if x1 == -x2 and y1 == -y2:
        print(f"Point {x1},{y1} was negated.")

Note that in this second case, it’s much more clear what type of objects we’re working with. The deep unpacking makes it apparent that we’re receiving two 2-itemed tuples each time we loop.

Deep unpacking often comes up when nesting looping utilities that each provide multiple items. For example, you may see deep multiple assignments when using enumerate and zip together:

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items = [1, 2, 3, 4, 2, 1]
for i, (first, last) in enumerate(zip(items, reversed(items))):
    if first != last:
        raise ValueError(f"Item {i} doesn't match: {first} != {last}")

I said before that multiple assignment is strict about the size of our iterables as we unpack them. With deep unpacking we can also be strict about the shape of our iterables.

This works:

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>>> points = ((1, 2), (-1, -2))
>>> points[0][0] == -points[1][0] and points[0][1] == -point[1][1]
True

But this buggy code works too:

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>>> points = ((1, 2, 4), (-1, -2, 3), (6, 4, 5))
>>> points[0][0] == -points[1][0] and points[0][1] == -point[1][1]
True

Whereas this works:

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>>> points = ((1, 2), (-1, -2))
>>> (x1, y1), (x2, y2) = points
>>> x1 == -x2 and y1 == -y2
True

But this does not:

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>>> points = ((1, 2, 4), (-1, -2, 3), (6, 4, 5))
>>> (x1, y1), (x2, y2) = points
Traceback (most recent call last):
  File "<stdin>", line 1, in <module>
ValueError: too many values to unpack (expected 2)

With multiple assignment we’re assigning variables while also making particular assertions about the size and shape of our iterables. Multiple assignment will help you clarify your code to both humans (for better code readability) and to computers (for improved code correctness).

Using a list-like syntax

I noted before that multiple assignment uses a tuple-like syntax, but it works on any iterable. That tuple-like syntax is the reason it’s commonly called “tuple unpacking” even though it might be more clear to say “iterable unpacking”.

I didn’t mention before that multiple assignment also works with a list-like syntax.

Here’s a multiple assignment with a list-like syntax:

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>>> [x, y, z] = 1, 2, 3
>>> x
1

This might seem really strange. What’s the point of allowing both list-like and tuple-like syntaxes?

I use this feature rarely, but I find it helpful for code clarity in specific circumstances.

Let’s say I have code that used to look like this:

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def most_common(items):
    return Counter(items).most_common(1)[0][0]

And our well-intentioned coworker has decided to use deep multiple assignment to refactor our code to this:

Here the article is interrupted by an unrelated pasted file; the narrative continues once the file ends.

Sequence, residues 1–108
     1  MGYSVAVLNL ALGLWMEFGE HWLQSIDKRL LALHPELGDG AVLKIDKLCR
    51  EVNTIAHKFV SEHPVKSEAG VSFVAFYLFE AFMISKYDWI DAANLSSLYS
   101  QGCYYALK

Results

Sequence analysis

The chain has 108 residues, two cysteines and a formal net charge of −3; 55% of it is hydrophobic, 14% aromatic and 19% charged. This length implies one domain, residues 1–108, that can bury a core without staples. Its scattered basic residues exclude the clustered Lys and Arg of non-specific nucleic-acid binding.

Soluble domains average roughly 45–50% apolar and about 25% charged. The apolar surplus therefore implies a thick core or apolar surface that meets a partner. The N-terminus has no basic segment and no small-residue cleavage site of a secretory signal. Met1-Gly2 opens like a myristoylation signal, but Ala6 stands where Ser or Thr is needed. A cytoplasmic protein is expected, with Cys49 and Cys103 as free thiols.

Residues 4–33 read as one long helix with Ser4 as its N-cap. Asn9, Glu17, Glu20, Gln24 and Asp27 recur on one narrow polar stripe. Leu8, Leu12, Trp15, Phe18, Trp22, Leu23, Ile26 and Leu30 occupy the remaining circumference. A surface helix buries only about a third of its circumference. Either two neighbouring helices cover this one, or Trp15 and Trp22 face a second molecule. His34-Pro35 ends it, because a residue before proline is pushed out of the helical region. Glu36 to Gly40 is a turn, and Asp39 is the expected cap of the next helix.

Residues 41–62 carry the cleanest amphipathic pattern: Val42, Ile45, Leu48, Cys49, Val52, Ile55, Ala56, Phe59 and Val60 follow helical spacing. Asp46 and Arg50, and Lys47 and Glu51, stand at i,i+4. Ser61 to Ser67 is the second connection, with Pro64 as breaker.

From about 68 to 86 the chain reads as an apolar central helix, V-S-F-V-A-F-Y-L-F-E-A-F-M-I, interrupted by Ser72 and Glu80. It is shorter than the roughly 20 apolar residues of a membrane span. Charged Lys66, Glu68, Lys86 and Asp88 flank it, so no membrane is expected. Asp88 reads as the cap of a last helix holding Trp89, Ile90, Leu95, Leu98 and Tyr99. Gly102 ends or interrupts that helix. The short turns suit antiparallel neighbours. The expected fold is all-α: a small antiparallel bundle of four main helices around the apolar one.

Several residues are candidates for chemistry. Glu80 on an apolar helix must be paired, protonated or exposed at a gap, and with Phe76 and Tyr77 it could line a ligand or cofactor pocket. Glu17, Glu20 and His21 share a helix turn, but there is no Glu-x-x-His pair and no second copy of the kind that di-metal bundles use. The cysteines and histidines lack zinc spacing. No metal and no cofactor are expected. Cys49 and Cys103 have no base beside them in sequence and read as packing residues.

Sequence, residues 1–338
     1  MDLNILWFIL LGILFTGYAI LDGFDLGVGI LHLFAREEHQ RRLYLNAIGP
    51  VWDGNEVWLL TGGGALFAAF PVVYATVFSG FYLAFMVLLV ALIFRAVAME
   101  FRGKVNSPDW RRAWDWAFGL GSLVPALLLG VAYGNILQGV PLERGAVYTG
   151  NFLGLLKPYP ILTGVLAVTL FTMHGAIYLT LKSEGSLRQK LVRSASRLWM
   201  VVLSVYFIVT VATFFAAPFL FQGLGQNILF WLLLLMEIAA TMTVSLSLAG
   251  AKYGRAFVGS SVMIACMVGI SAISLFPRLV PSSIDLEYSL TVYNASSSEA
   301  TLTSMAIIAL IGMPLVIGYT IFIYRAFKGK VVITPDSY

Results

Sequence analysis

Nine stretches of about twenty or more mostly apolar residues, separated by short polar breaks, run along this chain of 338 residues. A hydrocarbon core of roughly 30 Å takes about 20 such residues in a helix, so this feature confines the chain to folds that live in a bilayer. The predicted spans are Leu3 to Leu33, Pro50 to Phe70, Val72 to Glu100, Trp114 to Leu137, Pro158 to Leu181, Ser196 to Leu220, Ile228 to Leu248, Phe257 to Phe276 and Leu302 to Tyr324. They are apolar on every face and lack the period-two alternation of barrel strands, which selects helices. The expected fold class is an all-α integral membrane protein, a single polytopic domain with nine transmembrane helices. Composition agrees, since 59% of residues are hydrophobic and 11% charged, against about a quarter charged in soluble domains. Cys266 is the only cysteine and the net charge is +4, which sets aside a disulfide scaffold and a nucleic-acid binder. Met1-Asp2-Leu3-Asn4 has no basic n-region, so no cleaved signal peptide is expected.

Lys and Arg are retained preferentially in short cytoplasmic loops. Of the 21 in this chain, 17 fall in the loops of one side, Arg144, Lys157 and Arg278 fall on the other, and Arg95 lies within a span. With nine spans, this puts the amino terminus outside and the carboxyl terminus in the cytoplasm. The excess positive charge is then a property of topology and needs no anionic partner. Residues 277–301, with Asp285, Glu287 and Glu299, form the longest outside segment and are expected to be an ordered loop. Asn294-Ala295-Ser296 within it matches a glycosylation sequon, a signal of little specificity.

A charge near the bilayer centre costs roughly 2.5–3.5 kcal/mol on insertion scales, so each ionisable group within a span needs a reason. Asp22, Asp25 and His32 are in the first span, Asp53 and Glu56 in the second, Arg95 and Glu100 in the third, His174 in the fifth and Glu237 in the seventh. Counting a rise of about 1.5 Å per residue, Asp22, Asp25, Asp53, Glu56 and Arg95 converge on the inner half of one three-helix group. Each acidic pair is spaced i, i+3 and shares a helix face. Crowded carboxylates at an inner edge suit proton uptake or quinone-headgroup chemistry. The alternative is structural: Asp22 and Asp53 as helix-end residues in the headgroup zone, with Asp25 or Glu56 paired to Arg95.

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def most_common(items):
    (value, times_seen), = Counter(items).most_common(1)
    return value

See that trailing comma on the left-hand side of the assignment? It’s easy to miss and it makes this code look sort of weird. What is that comma even doing in this code?

That trailing comma is there to make a single item tuple. We’re doing deep unpacking here.

Here’s another way we could write the same code:

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def most_common(items):
    ((value, times_seen),) = Counter(items).most_common(1)
    return value

This might make that deep unpacking a little more obvious but I’d prefer to see this instead:

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def most_common(items):
    [(value, times_seen)] = Counter(items).most_common(1)
    return value

The list-syntax in our assignment makes it more clear that we’re unpacking a one-item iterable and then unpacking that single item into value and times_seen variables.

When I see this, I also think I bet we’re unpacking a single-item list. And that is in fact what we’re doing. We’re using a Counter object from the collections module here. The most_common method on Counter objects allows us to limit the length of the list returned to us. We’re limiting the list we’re getting back to just a single item.

When you’re unpacking structures that often hold lots of values (like lists) and structures that often hold a very specific number of values (like tuples) you may decide that your code appears more semantically accurate if you use a list-like syntax when unpacking those list-like structures.

If you’d like you might even decide to adopt a convention of always using a list-like syntax when unpacking list-like structures (frequently the case when using * in multiple assignment):

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>>> [first, *rest] = numbers

I don’t usually use this convention myself, mostly because I’m just not in the habit of using it. But if you find it helpful, you might consider using this convention in your own code.

When using multiple assignment in your code, consider when and where a list-like syntax might make your code more descriptive and more clear. This can sometimes improve readability.

Don’t forget about multiple assignment

Multiple assignment can improve both the readability of your code and the correctness of your code. It can make your code more descriptive while also making implicit assertions about the size and shape of the iterables you’re unpacking.

The use for multiple assignment that I often see forgotten is its ability to replace hard coded indexes, including replacing hard coded slices (using the * syntax). It’s also common to overlook the fact that multiple assignment works deeply and can be used with both a tuple-like syntax and a list-like syntax.

It’s tricky to recognize and remember all the cases that multiple assignment can come in handy. Please feel free to use this article as your personal reference guide to multiple assignment.

You don’t learn by reading articles like this one, you learn by writing code. To get practice writing some readable code using tuple unpacking, sign up for Python Morsels. The first exercise I’ll send you next Monday will benefit from using tuple unpacking. Sign up now to level up your Python skills each week.